I know of the house in Kennett Square where Ms. Savitch lived with her family before her father died and her mom moved the family to Margate, NJ. For some reason I thought she went to Kennett High School, so I guess I just forgot that she moved away from here when she was about 12. I am sure she used the same building as Sean if she didn't go to Catholic school. I'll have to look in her bio sometime. She's like one of this area's most famous residences, right up there with the Wyeths. I am sure she traveled down our road many a time.

Jessica Savitch-gone 22 yrs. It's hard to believe. Posted by Hello

Not a happy scene from Ladder 49. Posted by Hello

Friday, June 24, 2005

Local tragedy

There had been three little boys missing in Camden, NJ since Wednesday night. They were 11, 6 and 5. Tonight they were found dead in an abandoned car that the police said they had checked the first night they were missing. So everyone is wondering if the police checked the trunk (the car was right next to one of the boy's home in a grassy lot) or that someone killed them and snuck them in the trunk. This is so sad.
I never let Sean play outside by himself when he was young. Why were those little boys with an 11 year old? Why didn't the older one have sense not to get into a trunk of a car? So many questions. You would think someone would hear them kicking on the lid of the trunk if they got stuck in there. It's been warm here too. I just hope there isn't foul play involved.
Sean rented 'Ladder 49' the Joaquin Phoenix (really 'his' movie) and John Travolta movie. The ending wasn't what I expected, so I was bummed about that and then had to hear about the little Camden boys made me feel terrible for their families.
Earlier I was surfing from a James Taylor link (he is on the AOL screen tonight) and was reading up on Sally (JTs daughter) foundation called 'The Tranquility Project' which is to help do away with land minds around the world. The late Princess Diana was an advocate about this. Good work Sally and good luck with your natural food line called 'Sally in the Raw'. She's a cool lady. I had the privilege to see her in a free concert with her band a few years ago. I must be a long, lost cousin of that family because I feel so akin with many of them.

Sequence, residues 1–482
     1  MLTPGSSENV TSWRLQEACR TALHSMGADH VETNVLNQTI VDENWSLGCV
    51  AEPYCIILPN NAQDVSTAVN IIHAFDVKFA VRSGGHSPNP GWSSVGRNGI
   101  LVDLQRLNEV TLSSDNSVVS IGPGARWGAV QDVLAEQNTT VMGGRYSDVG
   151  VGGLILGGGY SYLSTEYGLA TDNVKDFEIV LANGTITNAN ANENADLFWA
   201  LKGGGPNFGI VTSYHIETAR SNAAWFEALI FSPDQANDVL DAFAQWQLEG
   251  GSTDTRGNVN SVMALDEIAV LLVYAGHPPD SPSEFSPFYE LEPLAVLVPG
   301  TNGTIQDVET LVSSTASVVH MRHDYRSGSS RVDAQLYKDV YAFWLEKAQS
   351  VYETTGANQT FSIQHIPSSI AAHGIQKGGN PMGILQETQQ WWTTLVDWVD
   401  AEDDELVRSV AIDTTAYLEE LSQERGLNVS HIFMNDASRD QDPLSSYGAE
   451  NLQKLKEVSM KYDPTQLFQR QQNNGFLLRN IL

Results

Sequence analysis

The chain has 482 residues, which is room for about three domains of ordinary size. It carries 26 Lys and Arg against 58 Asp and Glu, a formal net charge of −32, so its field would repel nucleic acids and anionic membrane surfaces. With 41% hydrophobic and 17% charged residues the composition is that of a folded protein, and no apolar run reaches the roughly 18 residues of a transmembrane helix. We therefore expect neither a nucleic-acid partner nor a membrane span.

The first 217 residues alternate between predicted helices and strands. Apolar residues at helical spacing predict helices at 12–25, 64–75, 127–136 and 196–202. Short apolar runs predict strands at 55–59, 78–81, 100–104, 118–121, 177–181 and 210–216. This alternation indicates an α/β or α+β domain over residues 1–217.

I'm following Abby's blog about a 16 yr old guy named Zach down in Memphis who 'came out', telling his parents he was gay and only having them toss him in a place to 'get the gay' out of him called 'Love in Action' which is a load of crap. There's a big protest going on to 'Free Zach'. I hope it at least helps to get him out of there and closes the place down.

I got my hair 'touched up' and the stylist thought it would be interesting to see how my hair looked ironed since she does that to her own hair! Man, is it straight! BTW, this is what happens when you take your own photo. I would say to hold your chin up, unlike me. Posted by Hello

Thursday, June 23, 2005

Things aren't too bad right now

It was Bri and my follow-up visit today to check out our bloodwork from last week. I was pretty good all day until an hour before our appointment. The weigh in is the worse to me. I was feeling bloated all week and nothing fit right. Bri and I went in together to see the PA (physician's assistant) and held our breath. I guess you generally know how you feel most of the time. Well my cholesterol was about 146 but my triglyerides were again borderline high. The good news is that my liver function tests were normal. Thank goodness! The PA didn't think I needed to get the AMAs (anti-mitrochrondrial antibodies) checked if the LFTs were in the normal range. She will send them along to the GI doc for evaluation.
What's really excellent is that Brian's cholesterol and triglyerides came down quite a bit from last year but are still higher than they should be. It's the fish oil people! He's been taking fish oil capsules for about 6 months. I should take it. I just don't want to take 1,000 mgs of it. He says it gaves him tummy trouble sometimes. That I don't need.
If we can work on the above and throw some exercise in there, we are doing pretty good for middle-agers. I have a few more doctors to see this summer-gyn, dentist, eye doctor, but I have to keep optimist about those upcoming visits and just get through them.

Tuesday, June 21, 2005

Super Size Me!

Not exactly the best documentary to watch after you've eaten the food scorned by the producer of Super Size Me. Morgan decided to eat at McDonald's for 3 meals each day for an entire month. He wanted to see if a court case against McDonald's (by two teenage girls) was worth sueing this world force fast food restaurant for. Morgan threw up after he finished his first 'Super sized' meal. Morgan kept eating and eating. He went from being a healthy 30 something man who weighed 185 to a sickly guy who weighed 209 pounds. His liver was ailing badly. His cholesterol was through the roof. As a footnote at the end it said it took him only one month to put on 24 pounds and 15 months to get it off.